Congrats! The moment you’ve been waiting for since you started med school (or even sooner than that) is upon you. But what is it really going to be like? How do you prepare?
After 6 months on the wards, here are some tips I think are pretty important:
You will hear this on any rotation, but it really is important. UpToDate is your new best friend. Hear about an interesting patient? Read about on UpToDate. About to go interview to a patient? Skim through UpToDate on your way. Prepping for a presentation on a topic? UpToDate. You can even download the app straight to your phone.
Case Files is a fantastic series. I read it cover to cover for every rotation. It is a great introduction to each rotation. The cases are really quick, very high-yield informative reads.
2) It can be really stressful starting a new rotation, especially if you’re at a new hospital.
Spend the first half your rotation getting used to the rotation. Read about your patients, learn the terminology and figure out what’s expected of you.
Then spend the 2nd half preparing for the shelf. It is sort of pointless to try and study for the shelf in the beginning anyways. Sure, the weekends are a perfect time to whip out Blue Prints or First Aid, but where you really learn is on the wards. Once you see a patient, reading about them in the textbook helps you reinforce the material.
3. Do practice questions.
For shelf prep, UWorld Step 2 is amazing. You can have it on your computer, your phone and your tablet/iPad. It’s definitely pricery ($400 for a year) but completely worth it. Not only does it help you get used to the format of the Shelf exams, but each question has a lengthy explanation and it basically serves as another source of information.
4. Dress professionally.
This is a tough area because the residents and attendings might dress a little more casual, but as a rule of thumb, you should always dress more professional than your seniors.
For guys, its pretty strait forward. For ladies, it can get a little more complicated. There are so many combinations! Dress pants and a nice shirt are always a safe bet. I think skirts and dresses at or a little above the knee are totally appropriate. You can never go wrong with tights. Boots in the winter/rain are ok as long as they are in good condition.
I basically paid attention to what the residents were wearing and tried to dress as professionally, if not more professionally, as they were on a day to day basis.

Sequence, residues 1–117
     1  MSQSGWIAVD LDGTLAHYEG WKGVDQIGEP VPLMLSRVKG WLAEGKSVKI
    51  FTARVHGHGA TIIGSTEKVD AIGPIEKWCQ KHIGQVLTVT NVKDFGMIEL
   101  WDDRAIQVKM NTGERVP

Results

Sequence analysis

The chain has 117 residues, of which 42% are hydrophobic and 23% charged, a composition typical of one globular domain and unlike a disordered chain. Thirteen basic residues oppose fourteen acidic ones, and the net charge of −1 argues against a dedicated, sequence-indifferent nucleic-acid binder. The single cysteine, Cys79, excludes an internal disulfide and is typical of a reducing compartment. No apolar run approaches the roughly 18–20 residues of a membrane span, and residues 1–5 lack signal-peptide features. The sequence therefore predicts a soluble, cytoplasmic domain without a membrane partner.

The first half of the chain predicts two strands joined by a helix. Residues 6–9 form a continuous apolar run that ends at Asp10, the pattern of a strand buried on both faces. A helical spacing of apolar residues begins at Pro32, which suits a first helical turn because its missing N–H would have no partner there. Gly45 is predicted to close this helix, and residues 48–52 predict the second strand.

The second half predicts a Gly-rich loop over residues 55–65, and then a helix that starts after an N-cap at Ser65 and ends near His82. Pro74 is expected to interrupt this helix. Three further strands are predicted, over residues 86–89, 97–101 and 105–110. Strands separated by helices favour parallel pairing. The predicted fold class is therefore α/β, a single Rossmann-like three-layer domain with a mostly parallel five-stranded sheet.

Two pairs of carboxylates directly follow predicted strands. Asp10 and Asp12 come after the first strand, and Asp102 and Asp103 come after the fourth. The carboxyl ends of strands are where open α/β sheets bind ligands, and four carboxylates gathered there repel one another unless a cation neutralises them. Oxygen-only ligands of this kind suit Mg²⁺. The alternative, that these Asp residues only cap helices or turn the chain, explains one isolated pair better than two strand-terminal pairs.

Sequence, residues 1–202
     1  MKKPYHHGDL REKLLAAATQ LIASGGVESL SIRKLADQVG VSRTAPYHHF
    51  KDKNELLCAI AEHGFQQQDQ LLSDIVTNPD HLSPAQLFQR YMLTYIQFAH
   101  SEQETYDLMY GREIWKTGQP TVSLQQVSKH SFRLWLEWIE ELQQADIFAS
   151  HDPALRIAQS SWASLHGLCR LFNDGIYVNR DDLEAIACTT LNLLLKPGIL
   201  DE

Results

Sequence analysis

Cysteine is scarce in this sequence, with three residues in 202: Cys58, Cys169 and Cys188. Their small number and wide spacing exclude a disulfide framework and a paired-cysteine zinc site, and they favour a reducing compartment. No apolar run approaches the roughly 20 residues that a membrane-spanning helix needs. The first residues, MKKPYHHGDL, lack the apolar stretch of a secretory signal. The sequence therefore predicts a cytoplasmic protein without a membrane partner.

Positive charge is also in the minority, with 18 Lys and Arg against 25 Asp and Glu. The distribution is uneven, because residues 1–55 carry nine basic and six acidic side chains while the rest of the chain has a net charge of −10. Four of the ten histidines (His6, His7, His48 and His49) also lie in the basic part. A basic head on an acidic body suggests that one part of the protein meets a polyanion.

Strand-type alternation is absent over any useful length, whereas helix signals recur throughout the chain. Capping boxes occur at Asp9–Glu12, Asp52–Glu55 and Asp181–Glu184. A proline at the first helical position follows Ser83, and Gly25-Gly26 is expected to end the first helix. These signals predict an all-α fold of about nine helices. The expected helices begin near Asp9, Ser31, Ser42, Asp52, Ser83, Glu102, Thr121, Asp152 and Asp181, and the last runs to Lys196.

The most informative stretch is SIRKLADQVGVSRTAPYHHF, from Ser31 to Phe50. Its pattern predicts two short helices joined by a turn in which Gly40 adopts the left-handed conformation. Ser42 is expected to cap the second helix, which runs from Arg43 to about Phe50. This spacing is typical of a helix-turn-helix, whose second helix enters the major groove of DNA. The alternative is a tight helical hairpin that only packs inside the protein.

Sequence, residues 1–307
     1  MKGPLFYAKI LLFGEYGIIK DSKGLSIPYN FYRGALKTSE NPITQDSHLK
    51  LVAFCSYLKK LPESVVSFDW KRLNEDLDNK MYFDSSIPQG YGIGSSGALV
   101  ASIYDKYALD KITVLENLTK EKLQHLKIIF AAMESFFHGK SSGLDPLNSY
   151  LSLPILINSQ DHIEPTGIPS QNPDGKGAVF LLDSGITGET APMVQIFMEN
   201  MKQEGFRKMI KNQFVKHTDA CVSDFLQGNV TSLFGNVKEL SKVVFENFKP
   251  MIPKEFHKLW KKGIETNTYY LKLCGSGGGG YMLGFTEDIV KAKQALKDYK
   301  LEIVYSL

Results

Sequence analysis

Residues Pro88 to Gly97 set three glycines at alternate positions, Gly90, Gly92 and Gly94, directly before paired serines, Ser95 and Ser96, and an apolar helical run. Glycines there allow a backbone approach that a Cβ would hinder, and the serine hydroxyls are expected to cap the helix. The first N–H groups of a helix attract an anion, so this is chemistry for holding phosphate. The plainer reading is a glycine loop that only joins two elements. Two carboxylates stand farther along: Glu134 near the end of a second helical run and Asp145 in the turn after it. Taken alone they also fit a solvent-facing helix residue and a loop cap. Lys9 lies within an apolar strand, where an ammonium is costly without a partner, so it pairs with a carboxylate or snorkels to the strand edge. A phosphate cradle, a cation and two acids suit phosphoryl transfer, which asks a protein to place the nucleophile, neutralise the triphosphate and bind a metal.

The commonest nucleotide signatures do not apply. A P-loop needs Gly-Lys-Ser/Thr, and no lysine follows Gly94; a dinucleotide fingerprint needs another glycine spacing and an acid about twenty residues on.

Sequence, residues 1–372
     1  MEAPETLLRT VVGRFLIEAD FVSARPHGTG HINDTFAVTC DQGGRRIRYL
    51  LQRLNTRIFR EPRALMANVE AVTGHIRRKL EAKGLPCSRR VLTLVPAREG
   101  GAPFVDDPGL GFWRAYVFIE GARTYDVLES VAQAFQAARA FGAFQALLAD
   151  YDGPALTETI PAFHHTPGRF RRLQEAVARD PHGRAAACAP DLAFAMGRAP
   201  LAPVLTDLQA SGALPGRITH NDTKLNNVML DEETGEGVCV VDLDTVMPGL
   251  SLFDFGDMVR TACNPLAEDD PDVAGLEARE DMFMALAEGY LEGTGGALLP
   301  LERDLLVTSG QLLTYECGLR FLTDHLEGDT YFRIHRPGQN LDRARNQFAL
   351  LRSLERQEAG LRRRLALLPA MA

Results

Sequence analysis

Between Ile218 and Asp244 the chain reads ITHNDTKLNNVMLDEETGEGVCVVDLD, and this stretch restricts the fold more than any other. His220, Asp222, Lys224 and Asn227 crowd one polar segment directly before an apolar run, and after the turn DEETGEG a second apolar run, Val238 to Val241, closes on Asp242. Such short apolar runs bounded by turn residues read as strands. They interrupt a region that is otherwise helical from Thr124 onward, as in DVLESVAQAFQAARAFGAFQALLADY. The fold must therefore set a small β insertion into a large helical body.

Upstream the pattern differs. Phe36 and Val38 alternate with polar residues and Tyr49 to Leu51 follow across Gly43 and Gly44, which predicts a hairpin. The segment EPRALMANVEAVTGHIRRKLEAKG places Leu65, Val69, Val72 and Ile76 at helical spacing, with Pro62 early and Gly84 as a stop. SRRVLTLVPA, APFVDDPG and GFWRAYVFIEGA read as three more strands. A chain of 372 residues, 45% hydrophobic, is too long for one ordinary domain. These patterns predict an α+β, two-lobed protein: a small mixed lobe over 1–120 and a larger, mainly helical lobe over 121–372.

5. Get used to not knowing the answer.
It’s okay. That’s the point of this year. Attendings and residents don’t expect you to know the answer to every question. The questions they ask you are meant to teach you and guide your learning.
It’s also important not to lie. If you don’t know an answer to their question, tell them you don’t know but you’ll look it up!
6. Try not to take things too personally, especially in the OR!
The attendings/residents will get upset and they will inevitably get mad at you for holding the camera wrong or not retracting the right way, but don’t take it personally.
This also applies to patients. Not every patient is going to love med students. There will be patients who don’t want you in their deliveries or their surgeries, but don’t let that get to you. You’re awesome and it’s their loss!
7. Be honest.
I know I mentioned this already, but it needs its own category because its so important. Rounds are stressful, you will inevitably have forgotten to look something up before hand, but if you do, don’t lie about it! Even if you are pretty sure there sodium was okay, just tell your team you aren’t sure and you’ll get back to them. No one will fault you for that (unless you are consistently forgetting, that’s another story).
8. Work hard, play hard.
Good work-life balance is essential. A happy person is a better student.
Seriously. Exercise, paint, take pictures, go to happy hour with classmates, whatever floats your boat, but make time for things besides studying and work.
9. Be enthusiastic. You are living the dream.
Even if this is the 10th cholecystectomy you’ve seen, go to the surgery. Is there another med student scrubbed in the case and you have nothing to do? Go to the case. A lot of my feedback so far has focused on my enthusiasm. It’s easy to get caught up in the scut work or trying to study for the shelf, but remember, this is what you’ve always dreamed of!
As a side note, while it’s important to be enthusiastic, it’s also important to be genuine. The residents and attendings don’t expect you to want go into their field and you don’t need to feel pressured to tell them you want to go into their field just because you think that’s what they want to hear. Most of the time they see through people that are being insincere anyways.
Stay true to yourself and you’ll rock this year!
Oh and most importantly,
10. The wise words of Elle Woods: